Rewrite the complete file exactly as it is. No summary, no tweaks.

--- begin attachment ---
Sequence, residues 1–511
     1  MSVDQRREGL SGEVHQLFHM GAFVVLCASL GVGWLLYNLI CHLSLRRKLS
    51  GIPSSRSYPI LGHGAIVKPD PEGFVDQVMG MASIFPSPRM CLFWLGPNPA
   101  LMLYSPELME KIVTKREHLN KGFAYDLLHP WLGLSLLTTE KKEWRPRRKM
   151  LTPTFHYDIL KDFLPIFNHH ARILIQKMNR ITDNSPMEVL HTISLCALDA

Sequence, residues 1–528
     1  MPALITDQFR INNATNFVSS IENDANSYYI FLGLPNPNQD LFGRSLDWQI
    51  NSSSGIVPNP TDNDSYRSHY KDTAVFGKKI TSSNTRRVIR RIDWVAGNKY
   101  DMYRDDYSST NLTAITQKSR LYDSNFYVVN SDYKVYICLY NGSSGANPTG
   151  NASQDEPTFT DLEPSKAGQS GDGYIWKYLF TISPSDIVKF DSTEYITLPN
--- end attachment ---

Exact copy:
Sequence, residues 1–511
     1  MSVDQRREGL SGEVHQLFHM GAFVVLCASL GVGWLLYNLI CHLSLRRKLS
    51  GIPSSRSYPI LGHGAIVKPD PEGFVDQVMG MASIFPSPRM CLFWLGPNPA
   101  LMLYSPELME KIVTKREHLN KGFAYDLLHP WLGLSLLTTE KKEWRPRRKM
   151  LTPTFHYDIL KDFLPIFNHH ARILIQKMNR ITDNSPMEVL HTISLCALDA

Sequence, residues 1–528
     1  MPALITDQFR INNATNFVSS IENDANSYYI FLGLPNPNQD LFGRSLDWQI
    51  NSSSGIVPNP TDNDSYRSHY KDTAVFGKKI TSSNTRRVIR RIDWVAGNKY
   101  DMYRDDYSST NLTAITQKSR LYDSNFYVVN SDYKVYICLY NGSSGANPTG
   151  NASQDEPTFT DLEPSKAGQS GDGYIWKYLF TISPSDIVKF DSTEYITLPN